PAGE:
# DFS algorithm in Python with generators

### Background:

I was working on a project were I needed to write some rules for text processing. After working on this project for a couple of days and implementing some rules, I realized I needed to determine the order of the rules. No problems, we have topological sorting to help. But then I realized that I can't expect the graph to be always full. So I came up with this idea, that given a single rule with a set of dependencies (or a single dependency) I need to check the dependencies of the dependencies. Sounds familiar? Yes. This subject is very similar to Depth-first-searching of a graph.
I am not a mathematician, nor did I study C.S. Hence, Graph Theory is a new field for me. Nevertheless, I implemented something (see below) which works (inefficiently, I suspect).

### The code:

This is my search and yield algorithm. If you run it on the examples below, you will see it visits some nodes more then once. Hence, the speculated inefficiency.
A word about the input. The rules I wrote are basically python classes, which have a class property `depends`. I was criticized for not using `inspect.getmro`- But this would complicate thing terribly because the class would need to inherit from each other (See example here)

``````def _yield_name_dep(rules_deps):
global recursion_counter
recursion_counter = recursion_counter +1
# yield all rules by their named and dependencies
for rule, dep in rules_deps.items():
if not dep:
yield rule, dep
continue
else:
yield rule, dep
for ii in dep:
i = getattr(rules, ii)
instance = i()
if instance.depends:
new_dep={str(instance): instance.depends}
for dep in _yield_name_dep(new_dep):
yield dep
else:
yield str(instance), instance.depends
``````

OK, now that you stared in the code, here is some input you can test:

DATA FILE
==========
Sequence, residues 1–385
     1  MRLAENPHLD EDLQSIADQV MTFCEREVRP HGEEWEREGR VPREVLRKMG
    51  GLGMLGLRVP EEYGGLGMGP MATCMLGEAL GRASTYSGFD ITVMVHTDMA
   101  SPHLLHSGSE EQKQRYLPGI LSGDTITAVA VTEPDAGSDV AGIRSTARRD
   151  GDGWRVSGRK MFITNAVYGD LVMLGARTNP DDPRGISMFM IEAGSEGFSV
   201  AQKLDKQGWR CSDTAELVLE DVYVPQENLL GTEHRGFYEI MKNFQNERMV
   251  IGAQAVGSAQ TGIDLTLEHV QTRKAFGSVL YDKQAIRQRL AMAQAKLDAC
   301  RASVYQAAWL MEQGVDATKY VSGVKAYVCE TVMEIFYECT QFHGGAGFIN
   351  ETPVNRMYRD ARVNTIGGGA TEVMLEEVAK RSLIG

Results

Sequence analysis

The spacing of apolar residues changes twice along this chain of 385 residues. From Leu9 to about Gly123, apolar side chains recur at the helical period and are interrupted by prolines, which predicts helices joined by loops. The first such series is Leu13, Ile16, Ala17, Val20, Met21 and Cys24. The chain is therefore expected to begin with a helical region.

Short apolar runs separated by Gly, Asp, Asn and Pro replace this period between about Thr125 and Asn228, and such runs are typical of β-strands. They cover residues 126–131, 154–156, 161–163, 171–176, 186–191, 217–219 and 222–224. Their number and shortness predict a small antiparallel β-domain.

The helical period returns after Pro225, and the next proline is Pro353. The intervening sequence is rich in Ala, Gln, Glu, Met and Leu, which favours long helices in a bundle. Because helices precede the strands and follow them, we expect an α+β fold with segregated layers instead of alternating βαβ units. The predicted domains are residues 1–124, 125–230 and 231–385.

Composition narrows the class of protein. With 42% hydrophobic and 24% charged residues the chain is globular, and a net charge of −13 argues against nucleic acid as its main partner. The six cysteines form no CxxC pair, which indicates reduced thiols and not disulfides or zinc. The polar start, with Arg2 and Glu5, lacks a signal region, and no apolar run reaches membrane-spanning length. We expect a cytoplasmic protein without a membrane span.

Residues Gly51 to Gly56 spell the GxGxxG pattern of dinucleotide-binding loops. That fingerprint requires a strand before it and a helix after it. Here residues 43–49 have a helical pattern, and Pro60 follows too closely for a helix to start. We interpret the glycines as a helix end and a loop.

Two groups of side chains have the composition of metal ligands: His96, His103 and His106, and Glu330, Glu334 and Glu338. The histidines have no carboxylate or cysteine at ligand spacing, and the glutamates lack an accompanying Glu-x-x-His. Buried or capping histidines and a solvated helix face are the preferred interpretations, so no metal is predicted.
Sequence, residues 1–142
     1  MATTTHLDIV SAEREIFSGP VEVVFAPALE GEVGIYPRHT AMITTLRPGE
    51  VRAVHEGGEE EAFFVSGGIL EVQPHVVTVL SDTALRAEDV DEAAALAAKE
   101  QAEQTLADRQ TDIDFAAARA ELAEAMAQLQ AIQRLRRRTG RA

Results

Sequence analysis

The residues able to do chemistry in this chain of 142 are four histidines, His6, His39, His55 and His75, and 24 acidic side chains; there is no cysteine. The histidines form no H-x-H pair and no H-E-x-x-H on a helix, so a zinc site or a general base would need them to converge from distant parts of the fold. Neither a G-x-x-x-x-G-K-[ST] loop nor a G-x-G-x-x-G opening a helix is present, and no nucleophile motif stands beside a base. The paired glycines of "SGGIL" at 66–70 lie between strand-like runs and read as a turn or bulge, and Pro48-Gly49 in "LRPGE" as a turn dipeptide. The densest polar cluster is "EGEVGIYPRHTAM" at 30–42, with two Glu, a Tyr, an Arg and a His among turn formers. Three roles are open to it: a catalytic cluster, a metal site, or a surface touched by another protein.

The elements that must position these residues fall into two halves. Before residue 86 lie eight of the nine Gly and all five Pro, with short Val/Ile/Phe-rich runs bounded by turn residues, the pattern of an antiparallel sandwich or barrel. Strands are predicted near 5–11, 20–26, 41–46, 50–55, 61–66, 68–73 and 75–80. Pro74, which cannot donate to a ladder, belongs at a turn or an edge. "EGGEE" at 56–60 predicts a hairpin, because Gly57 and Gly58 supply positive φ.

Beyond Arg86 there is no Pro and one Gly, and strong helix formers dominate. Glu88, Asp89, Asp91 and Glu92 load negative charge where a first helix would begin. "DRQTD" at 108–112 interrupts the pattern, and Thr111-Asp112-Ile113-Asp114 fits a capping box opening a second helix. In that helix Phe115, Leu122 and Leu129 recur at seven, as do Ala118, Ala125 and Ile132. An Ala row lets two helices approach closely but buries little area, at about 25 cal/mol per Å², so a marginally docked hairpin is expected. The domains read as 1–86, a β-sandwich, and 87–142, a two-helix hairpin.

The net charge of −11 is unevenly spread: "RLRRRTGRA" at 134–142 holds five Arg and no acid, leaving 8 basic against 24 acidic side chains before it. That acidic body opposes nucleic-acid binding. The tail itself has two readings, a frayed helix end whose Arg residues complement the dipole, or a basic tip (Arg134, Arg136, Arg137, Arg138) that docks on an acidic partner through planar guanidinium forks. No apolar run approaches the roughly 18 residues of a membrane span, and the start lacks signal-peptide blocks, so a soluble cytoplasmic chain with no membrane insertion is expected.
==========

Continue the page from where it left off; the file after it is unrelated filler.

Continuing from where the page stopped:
``````demo_class_content ="""
class A(object):
depends = ('B')
def __str__(self):
return self.__class__.__name__

class B(object):
depends = ('C','F')
def __str__(self):
return self.__class__.__name__

class C(object):
depends = ('D', 'E')
def __str__(self):
return self.__class__.__name__

class D(object):
depends = None
def __str__(self):
return self.__class__.__name__

class F(object):
depends = ('E')
def __str__(self):
return self.__class__.__name__

class E(object):
depends = None
def __str__(self):
return self.__class__.__name__
"""

with open('demo_classes.py', 'w') as clsdemo:
clsdemo.write(demo_class_content)

import demo_classes as rules

rule_start={'A': ('B')}

def _yield_name_dep(rules_deps):
# yield all rules by their named and dependencies
for rule, dep in rules_deps.items():
if not dep:
yield rule, dep
continue
else:
yield rule, dep
for ii in dep:
i = getattr(rules, ii)
instance = i()
if instance.depends:
new_dep={str(instance): instance.depends}
for dep in _yield_name_dep(new_dep):
yield dep
else:
yield str(instance), instance.depends

if __name__ == '__main__':
# this is yielding nodes visited multiple times,
# list(_yield_name_dep(rule_start))
# hence, my work around was to use set() ...
rule_dependencies = list(set(_yield_name_dep(rule_start)))
print rule_dependencies
``````

### The questions:

• I tried classifying my work, and I think what I did is similar to DFS. Can you really classify it like this?
• How can I improve this function to skip visited nodes, and still use generators ?

### update:

Just to save you the trouble running the code, the output of the above function is:

``````>>> print list(_yield_name_dep(rule_wd))
[('A', 'B'), ('B', ('C', 'F')), ('C', ('D', 'E')), ('D', None), ('E', None), ('F', 'E'), ('E', None)]
>>> print list(set(_yield_name_dep(rule_wd)))
[('B', ('C', 'F')), ('E', None), ('D', None), ('F', 'E'), ('C', ('D', 'E')), ('A', 'B')]
``````

In the mean while I came up with a better solution, the question above still remain. So feel free to criticize my solution:

``````visited = []
def _yield_name_dep_wvisited(rules_deps, visited):
# yield all rules by their name and dependencies
for rule, dep in rules_deps.items():
if not dep and rule not in visited:
yield rule, dep
visited.append(rule)
continue
elif rule not in visited:
yield rule, dep